According to Nationwide, you are only able to capitalise on Deposit Unlock if you are borrowing between 90% to 95% of the house’s value.

So, people who have saved up more than this will not be eligible. Some argue that this de-incentivises potential buyers from saving up for longer for a larger deposit (which may be financially better for them in the long run).

You can usually not access the Deposit Unlock Scheme if you own another property upon completion. For example, a holiday home, your parent’s home, or a Buy to Let.

Do all mortgage providers offer Mortgage Unlock?

Not all lenders offer the Deposit Unlock Scheme, so you should do some research to confirm which ones are applicable.

At the time of writing, some of the largest mortgage providers that offer the initiative are:

  • Nationwide
  • Newcastle Building Society
  • Accord

Many smaller providers offering this initiative cannot provide as competitive rates as major lenders. Therefore, your options may be limited. 

Alternatives to the Deposit Unlock Scheme

Since ‘Help to Buy’ is no longer available in the UK, there are fewer alternatives to getting onto the property ladder besides Deposit Unlock.

However, a couple still exist.

1. Shared ownership

Shared ownership is a well-known scheme that enables you to purchase a part of a home but not all of it. This means you pay rent on the part you don’t own.

This enables you to get your foot into the door and then ideally increase your ownership (known as ‘staircasing’) further down the line.

2. First homes initiative

As a second solution, the first homes initiative allows some first-time buyers to buy a house for 30% to 50% less than the typical market value.

This scheme is only available in England to people aged over 18, who can get a mortgage for at least half the value of the home and whose income is below £80,000 (or £90,000 if the property is in London).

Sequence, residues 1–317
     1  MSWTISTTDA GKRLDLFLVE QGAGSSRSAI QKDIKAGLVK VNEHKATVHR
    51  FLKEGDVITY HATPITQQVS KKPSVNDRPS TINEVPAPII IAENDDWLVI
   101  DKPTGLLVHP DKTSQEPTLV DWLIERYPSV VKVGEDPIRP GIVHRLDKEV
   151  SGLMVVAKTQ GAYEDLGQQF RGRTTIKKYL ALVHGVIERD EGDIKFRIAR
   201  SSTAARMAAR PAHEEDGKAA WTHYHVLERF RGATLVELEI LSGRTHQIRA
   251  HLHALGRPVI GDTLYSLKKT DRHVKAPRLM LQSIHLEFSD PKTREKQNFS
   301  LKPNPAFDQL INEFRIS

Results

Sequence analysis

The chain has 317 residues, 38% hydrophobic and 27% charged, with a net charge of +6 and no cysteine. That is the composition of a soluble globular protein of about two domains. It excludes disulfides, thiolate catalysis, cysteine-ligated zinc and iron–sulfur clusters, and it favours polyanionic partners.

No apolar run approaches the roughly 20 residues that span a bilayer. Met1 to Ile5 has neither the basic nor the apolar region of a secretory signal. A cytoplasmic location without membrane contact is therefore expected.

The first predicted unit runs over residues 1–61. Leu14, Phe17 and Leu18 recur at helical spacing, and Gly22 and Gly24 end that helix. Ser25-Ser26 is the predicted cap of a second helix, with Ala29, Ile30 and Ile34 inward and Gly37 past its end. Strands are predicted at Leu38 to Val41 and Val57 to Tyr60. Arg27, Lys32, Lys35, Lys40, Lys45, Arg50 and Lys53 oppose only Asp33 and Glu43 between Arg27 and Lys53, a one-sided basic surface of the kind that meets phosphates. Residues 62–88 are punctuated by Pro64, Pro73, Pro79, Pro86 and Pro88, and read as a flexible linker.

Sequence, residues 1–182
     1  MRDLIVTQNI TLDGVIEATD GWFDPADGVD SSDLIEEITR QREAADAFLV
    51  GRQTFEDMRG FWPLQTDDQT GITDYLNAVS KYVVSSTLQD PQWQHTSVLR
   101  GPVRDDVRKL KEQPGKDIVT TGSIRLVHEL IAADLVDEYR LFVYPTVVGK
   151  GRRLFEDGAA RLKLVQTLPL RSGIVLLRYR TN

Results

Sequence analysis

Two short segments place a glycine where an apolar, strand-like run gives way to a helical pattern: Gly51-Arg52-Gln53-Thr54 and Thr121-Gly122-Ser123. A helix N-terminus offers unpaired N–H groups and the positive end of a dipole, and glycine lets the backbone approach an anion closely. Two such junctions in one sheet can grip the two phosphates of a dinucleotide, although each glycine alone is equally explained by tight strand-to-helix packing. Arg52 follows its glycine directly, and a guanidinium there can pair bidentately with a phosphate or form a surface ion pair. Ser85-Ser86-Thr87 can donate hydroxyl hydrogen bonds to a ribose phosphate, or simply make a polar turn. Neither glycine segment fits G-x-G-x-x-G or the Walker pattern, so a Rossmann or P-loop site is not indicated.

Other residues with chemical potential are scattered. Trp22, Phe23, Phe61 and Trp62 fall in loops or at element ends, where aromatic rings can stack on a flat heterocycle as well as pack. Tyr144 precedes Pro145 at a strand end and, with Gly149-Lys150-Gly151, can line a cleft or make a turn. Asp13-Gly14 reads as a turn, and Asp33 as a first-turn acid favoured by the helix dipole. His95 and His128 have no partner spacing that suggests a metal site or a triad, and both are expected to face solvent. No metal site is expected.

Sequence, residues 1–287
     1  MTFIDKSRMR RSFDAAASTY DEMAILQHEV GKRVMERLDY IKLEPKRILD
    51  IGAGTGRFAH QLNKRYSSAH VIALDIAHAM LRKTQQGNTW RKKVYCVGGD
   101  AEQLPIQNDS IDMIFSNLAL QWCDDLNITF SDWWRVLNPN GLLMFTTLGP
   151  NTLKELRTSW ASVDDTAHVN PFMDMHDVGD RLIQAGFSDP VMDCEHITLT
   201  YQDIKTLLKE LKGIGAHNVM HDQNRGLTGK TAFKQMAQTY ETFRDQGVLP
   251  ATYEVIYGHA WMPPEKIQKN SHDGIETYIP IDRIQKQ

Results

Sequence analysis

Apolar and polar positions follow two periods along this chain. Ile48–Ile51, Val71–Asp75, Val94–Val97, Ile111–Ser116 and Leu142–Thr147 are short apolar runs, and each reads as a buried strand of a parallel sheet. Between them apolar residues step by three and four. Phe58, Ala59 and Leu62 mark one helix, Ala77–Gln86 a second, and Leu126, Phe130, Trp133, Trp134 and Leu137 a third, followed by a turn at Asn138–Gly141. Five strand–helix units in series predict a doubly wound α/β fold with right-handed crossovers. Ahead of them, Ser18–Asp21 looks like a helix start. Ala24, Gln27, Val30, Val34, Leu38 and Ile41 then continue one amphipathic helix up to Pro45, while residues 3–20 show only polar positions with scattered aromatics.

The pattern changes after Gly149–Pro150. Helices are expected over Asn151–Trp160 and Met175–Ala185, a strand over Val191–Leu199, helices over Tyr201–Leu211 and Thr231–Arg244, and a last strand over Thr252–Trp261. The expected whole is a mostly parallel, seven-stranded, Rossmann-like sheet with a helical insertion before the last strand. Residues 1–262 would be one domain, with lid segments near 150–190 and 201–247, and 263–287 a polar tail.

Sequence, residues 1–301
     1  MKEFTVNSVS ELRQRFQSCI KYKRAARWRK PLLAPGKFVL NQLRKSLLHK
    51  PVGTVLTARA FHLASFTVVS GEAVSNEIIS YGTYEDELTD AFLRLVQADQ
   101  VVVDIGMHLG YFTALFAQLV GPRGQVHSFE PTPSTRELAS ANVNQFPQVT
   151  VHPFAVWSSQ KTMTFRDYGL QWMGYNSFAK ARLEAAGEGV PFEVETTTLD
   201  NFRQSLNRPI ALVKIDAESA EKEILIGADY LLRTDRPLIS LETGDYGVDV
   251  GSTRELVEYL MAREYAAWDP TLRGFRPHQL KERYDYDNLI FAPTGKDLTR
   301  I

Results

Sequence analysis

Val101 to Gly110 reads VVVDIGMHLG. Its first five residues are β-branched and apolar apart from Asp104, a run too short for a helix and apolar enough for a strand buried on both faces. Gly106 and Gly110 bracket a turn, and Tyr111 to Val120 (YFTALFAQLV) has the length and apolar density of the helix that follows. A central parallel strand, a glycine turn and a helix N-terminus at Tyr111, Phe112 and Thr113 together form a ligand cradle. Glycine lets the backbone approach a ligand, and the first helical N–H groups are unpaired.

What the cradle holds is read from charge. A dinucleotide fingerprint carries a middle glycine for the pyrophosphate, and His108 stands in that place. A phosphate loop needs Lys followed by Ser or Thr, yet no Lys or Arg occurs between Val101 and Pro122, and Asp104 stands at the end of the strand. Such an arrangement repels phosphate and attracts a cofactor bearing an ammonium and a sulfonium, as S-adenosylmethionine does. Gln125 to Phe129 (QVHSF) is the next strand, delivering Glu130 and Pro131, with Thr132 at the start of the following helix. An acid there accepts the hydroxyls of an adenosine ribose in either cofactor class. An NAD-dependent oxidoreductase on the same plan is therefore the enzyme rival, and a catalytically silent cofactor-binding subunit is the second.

3. Meeting the highest requirements

Some lenders may enable you to get onto the housing ladder with a 0% deposit if your salary is large enough and you also have a Guarantor.

This is a risky method of home ownership, though. It can strain your relationship with the Guarantor and have a very high interest rate.

4. Right to buy

A fourth option is right to buy, which enables the renter of a council flat to buy it at a considerable discount. This once again makes it significantly more affordable.

Should I use the Deposit Unlock Scheme?

If you are finding it challenging to save up a large deposit, but are determined to get onto the housing ladder, then Deposit Unlock could be worth considering.

On the other hand, if you can save up a larger deposit, it is recommended that you do so.

Even if it takes you a few more months or perhaps even years, it means that the mortgage will be more affordable when you finally get one.

You should also research the other financial schemes that can assist buyers (listed above).

Speak to a qualified expert for more guidance.

Sell your inherited property today

If you have inherited a property via probate, but have questions about what to do next, then you are in the right place.

Click on this link to learn how your inherited property is valued, and click here to see whether you have to pay Capital Gains Tax on inherited property.